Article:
ArtMan made sure it opted for the right rigid substrates. “Most of our production utilizes rigid substrates,” Tengler said. “Choosing the type of rigid substrate is determined by many factors [such as] structural integrity, durability, design and aesthetic considerations, and the overall budget for each individual project.” In the future, Tengler expects to see more signs created like Remix’s, as the trend for rigid substrates tends to be leaning toward aluminum composite materials with digital print and/or plotted-vinyl applications, popular because of their economy, weight and reasonable durability.
Another favored material Tengler sees in the Southwest is raw steel left to rust or that has been powder-coated because it fits aesthetically into a rugged environment, has contemporary appeal, withstands harsh weather conditions and has almost unlimited durability.
METAL LOGO A GO-GO
Just about every business has a logo. But what good is a logo if no one sees it? It’s an easy way for people to identify you and your business, after all.
And the visible-logo-making business just happens to be the business in which Metal Logos (Omaha, NE), thrives, as they custom-make client logos into signage through a blend of technology and craft. It was this mix of automation and hands-on skill that spurred leaders at Oscar W. Larson Co., who provide full-service petroleum and fluid-handling equipment, to inquire about a logo-signage project for all nine of Larson’s locations throughout the Midwest.
The client asked for a unique and classy way to display their logo, mission statement and various locations throughout Michigan, Ohio, Indiana and Kentucky. Although the Larson project required several types of materials, CEO Shawn Dubbs said the Metal Logos team didn’t mind. “These types of projects are very fun for us to work on and design,” he said.
As it typically does, Metal Logos suggested a design that is similar to the image the client desires. “We do this [for the client] by showing photos of our existing project gallery,” Dubbs said. “Then [we suggest the client] ask to have it bid out so they have several options in material costs to have the project produced at a budget they are comfortable with.”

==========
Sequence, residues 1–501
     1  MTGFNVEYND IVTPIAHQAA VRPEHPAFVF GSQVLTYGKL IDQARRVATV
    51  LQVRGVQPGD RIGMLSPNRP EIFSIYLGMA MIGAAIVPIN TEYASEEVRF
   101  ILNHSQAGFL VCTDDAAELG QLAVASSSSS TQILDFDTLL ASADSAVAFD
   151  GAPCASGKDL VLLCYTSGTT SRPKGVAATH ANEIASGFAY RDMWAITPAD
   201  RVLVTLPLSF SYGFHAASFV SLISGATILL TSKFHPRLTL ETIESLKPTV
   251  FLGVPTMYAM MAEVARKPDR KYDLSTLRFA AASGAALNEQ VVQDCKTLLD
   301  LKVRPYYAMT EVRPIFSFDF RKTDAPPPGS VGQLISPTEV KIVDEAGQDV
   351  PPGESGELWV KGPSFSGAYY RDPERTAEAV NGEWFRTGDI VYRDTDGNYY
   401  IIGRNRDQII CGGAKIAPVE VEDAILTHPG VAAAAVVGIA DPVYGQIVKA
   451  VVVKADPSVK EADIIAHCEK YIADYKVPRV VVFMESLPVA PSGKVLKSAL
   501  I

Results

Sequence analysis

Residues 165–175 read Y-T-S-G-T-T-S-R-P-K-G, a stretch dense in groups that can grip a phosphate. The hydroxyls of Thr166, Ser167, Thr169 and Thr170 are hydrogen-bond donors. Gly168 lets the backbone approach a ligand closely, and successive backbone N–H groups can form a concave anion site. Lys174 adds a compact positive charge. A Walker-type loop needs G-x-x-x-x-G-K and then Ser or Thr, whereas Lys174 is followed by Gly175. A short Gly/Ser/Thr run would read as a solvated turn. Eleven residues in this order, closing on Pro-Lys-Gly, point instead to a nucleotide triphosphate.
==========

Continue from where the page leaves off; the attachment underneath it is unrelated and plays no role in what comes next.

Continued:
To that end, Metal Logos was tasked with matching the PMS-painted blue letters on Larson’s mission statement to the CMYK that would be printed on the sign’s acrylic elements. “We needed to match the blue colors in flatbed printing and painted dimensional letters, which required a lot of samples,” Dubbs said.
After the design was finalized and the colors matched to the client’s satisfaction, the Larson’s marketing designer sought more depth on the mission statement lettering. So, Metal Logos added more dimensionality to the acrylic via flatbed printing with stand-offs.
Substrates used on the logo signage throughout the multiple projects include ¼-in. natural satin aluminum for the main lettering and the state cutouts. The images on the states were router-engraved and then paint-filled with cool gray PMS 10C. The see-through sheets stating Larson’s mission, values and services are painted in PMS 293 and mounted onto ⅜-in. clear acrylic sheets with fired edges. The main text was flatbed-printed PMS 203 on the face of ⅜-in. clear acrylic. The star and circle shapes were crafted out of ⅛-in. aluminum and then painted PMS 293. Metal Logos used a CNC, waterjet and flatbed printer for fabrication and Matthews Paint for all painted elements.
Dubbs doesn’t see the demand for rigid substrates declining any time soon. “[We] believe that the individually mounted logo made out of rigid substrates is coming back to the forefront of most high-end build outs,” he said.
Anchor Sign & Awning (Cincinnati) created a more contemporary sign for local Tostados Grill out of channel letters attached to a new metal awning.